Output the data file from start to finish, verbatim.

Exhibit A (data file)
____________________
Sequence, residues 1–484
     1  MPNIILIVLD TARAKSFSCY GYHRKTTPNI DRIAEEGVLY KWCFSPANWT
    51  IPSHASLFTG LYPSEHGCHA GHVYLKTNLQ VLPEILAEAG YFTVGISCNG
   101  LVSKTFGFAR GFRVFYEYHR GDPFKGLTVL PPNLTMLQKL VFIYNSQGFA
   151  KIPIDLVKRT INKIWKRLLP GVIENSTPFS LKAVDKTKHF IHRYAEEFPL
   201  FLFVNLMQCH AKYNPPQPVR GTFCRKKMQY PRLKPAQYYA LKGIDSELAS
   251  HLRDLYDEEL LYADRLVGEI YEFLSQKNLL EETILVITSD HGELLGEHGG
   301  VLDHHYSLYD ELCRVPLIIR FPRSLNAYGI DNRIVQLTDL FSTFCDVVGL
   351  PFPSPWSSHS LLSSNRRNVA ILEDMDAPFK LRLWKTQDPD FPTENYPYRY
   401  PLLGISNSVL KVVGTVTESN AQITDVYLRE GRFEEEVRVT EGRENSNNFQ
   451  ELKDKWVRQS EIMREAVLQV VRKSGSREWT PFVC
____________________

Sequence, residues 1–484
     1  MPNIILIVLD TARAKSFSCY GYHRKTTPNI DRIAEEGVLY KWCFSPANWT
    51  IPSHASLFTG LYPSEHGCHA GHVYLKTNLQ VLPEILAEAG YFTVGISCNG
   101  LVSKTFGFAR GFRVFYEYHR GDPFKGLTVL PPNLTMLQKL VFIYNSQGFA
   151  KIPIDLVKRT INKIWKRLLP GVIENSTPFS LKAVDKTKHF IHRYAEEFPL
   201  FLFVNLMQCH AKYNPPQPVR GTFCRKKMQY PRLKPAQYYA LKGIDSELAS
   251  HLRDLYDEEL LYADRLVGEI YEFLSQKNLL EETILVITSD HGELLGEHGG
   301  VLDHHYSLYD ELCRVPLIIR FPRSLNAYGI DNRIVQLTDL FSTFCDVVGL
   351  PFPSPWSSHS LLSSNRRNVA ILEDMDAPFK LRLWKTQDPD FPTENYPYRY
   401  PLLGISNSVL KVVGTVTESN AQITDVYLRE GRFEEEVRVT EGRENSNNFQ
   451  ELKDKWVRQS EIMREAVLQV VRKSGSREWT PFVC